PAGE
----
SEATTLE – Like zombies, they walk among us, texting, checking emails, talking, selecting music – and, according to a recent study, oblivious to cars, trucks, lights, crosswalks and the concentration required to get through urban intersections alive.
Sometimes, we're the unwitting risk-takers, believing that while those other people can't do two things at once, we can.
Researchers, observing pedestrians in Seattle, found that nearly one in three people crossing the street at high-risk intersections was distracted by use of a mobile device.
Only one in four followed the full safety routine of looking both ways, obeying the lights and crossing at the appropriate point, the study found.
Texting was particularly dangerous, said Dr. Beth Ebel, study co-author and director of the Harborview Injury Prevention and Research Center of the University of Washington.
Texters were four times less likely to look before crossing, obey lights or cross at the appropriate place.
They also spent more time in the intersection, by nearly 2 seconds, on average.
For the study, published online in the journal Injury Prevention, observers watched 1,102 Seattle pedestrians at 20 high-risk intersections during randomly assigned times.
Ebel said distraction in general — and texting in particular —is associated with risk for pedestrians. Vehicle-pedestrian accidents injure 60,000 and kill 4,000 people every year in this country, she said.
In 2010, there were 529 pedestrian-involved collisions in Seattle, with at least 252 involving some injury. Fifty were serious injuries, and six were fatal, according to a Seattle Department of Transportation study, which did not specify mobile-device use.
The Consumer Product Safety Commission said more than 1,100 people wound up in hospitals or emergency rooms last year as a result of injuries that occurred while they were using a mobile device while walking — likely an undercount, experts said, as patients are reluctant to volunteer the information.
Washington and many other states have banned texting or talking on a handheld phone while driving, and some jurisdictions have tried to tackle mobile-device use by pedestrians by broadening jaywalking laws.
We all see the problem, Ebel said in an interview. And yet, many of us contribute to this problem. I think the place to start with this is with ourselves. When you're texting, you're really not looking. You're drawn into the world of the answer you're sending back to somebody, and you're simply not paying attention.
Ebel, a pediatrician at Seattle Children's, said she is concerned about the conditioning of children, many of whom now have cell phones from an early age. She recalled the famous Pavlovian conditioning, where dogs learned to associate a snack with the ringing of a bell.
The cell phone is exactly like that. We get a bell, and we get a response. This means we are being conditioned. Human interaction is our treat, and like dogs or hamsters, we do what it takes to get it.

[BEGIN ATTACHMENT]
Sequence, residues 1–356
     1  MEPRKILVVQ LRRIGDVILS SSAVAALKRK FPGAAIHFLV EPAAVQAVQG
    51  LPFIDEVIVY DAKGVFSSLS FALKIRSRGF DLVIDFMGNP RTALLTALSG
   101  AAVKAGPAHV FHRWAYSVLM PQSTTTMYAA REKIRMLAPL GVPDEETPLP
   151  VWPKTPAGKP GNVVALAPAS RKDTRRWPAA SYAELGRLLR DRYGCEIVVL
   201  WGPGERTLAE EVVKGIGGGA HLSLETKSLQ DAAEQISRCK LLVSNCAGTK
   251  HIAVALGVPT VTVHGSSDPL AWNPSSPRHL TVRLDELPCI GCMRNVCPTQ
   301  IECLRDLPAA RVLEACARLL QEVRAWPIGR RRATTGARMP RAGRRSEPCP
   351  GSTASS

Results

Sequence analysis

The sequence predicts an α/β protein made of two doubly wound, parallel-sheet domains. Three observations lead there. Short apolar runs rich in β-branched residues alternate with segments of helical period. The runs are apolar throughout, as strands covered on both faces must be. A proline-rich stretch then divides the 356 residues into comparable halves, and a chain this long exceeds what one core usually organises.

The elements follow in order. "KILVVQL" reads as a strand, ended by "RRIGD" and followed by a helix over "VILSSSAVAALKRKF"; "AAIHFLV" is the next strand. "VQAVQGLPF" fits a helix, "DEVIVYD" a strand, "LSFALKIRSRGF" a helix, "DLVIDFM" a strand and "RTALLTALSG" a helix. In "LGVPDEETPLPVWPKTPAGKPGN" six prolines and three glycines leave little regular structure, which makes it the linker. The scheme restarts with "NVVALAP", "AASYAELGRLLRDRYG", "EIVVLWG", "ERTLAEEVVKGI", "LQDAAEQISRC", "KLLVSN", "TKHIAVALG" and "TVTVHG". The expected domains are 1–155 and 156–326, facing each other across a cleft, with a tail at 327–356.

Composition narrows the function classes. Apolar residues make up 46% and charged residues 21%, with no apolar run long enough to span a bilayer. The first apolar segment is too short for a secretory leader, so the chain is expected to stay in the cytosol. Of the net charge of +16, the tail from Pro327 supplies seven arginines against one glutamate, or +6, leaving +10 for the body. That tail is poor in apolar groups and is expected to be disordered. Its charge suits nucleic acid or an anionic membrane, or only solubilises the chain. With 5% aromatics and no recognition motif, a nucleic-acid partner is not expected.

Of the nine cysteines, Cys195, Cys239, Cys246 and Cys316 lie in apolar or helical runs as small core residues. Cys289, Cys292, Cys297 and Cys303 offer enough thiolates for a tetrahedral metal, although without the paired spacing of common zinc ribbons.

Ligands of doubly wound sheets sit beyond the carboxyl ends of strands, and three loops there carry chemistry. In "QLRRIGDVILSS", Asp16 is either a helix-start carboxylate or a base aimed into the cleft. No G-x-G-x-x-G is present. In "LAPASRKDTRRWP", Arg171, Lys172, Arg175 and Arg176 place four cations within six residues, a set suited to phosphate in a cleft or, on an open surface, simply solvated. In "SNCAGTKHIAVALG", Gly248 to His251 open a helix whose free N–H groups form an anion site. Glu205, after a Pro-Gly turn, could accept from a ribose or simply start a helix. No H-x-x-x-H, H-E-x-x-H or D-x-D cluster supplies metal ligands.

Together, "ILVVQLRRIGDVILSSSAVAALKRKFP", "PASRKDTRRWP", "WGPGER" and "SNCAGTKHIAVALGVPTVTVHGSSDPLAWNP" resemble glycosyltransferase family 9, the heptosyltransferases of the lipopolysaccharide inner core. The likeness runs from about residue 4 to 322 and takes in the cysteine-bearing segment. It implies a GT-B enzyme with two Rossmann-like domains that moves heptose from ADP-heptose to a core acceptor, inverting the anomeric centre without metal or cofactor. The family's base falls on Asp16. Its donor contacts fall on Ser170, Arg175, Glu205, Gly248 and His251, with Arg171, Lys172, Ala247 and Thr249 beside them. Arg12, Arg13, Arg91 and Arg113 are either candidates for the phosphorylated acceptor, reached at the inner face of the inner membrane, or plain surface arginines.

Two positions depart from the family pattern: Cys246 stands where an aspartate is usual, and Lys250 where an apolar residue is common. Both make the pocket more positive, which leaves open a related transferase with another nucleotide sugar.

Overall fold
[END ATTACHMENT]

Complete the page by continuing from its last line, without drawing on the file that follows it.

About half of the observations for the study were made in the morning rush hour between 8 and 9 a.m., and just more than half of the pedestrians observed were between 25 and 44. Researchers chose the 20 intersections with the highest number of pedestrian injuries during the past three years.
Because the researchers recorded demographic and specific information about the distracting activity of the pedestrians, they were able to look at separate mobile-device behavior.
For example: Those listening to music actually speeded up while crossing the road, although they were less likely to look both ways before doing so.
People distracted by pets or children were almost three times as likely to skip looking both ways.
Nearly 80 percent of the pedestrians observed were walking alone, and the large majority obeyed the lights and crossed at the crosswalk.
Most of those distracted by mobile devices were listening to music (about 11 percent), with more than 7 percent texting and more than 6 percent talking or listening on a handheld phone.
Female pedestrians, whether distracted or not, were somewhat less likely to look both ways while crossing the street.
This isn't rocket science, Ebel said. To be completely honest, many of us do it ourselves. I do not, because I've seen enough of this. But I guess I challenge us all to think what we can do.
• Give your full attention to crossing a street; your life depends on it. You weigh what, 100 or 200 pounds? An SUV weighs maybe 5,000, give or take.
• Pick your head up and make eye contact with drivers, particularly those turning.
• Don't count on the driver seeing you. Make yourself visible with bright clothing, lights or patches.
• Look across all lanes you must cross before proceeding. One motorist may stop, but those in other lanes may not.
• Don't drink and walk.
• Don't text or talk on a cell phone while crossing an intersection.
• Cross at a designated crosswalk and obey the signals.
• But never assume drivers will stop at signs or lights; look both directions.
• At night, cross in well-lit areas.
• Remove earphones so you can hear engine noises.
• Look for backup lights on cars whose drivers may not see you.
• Stay out of drivers' blind spots.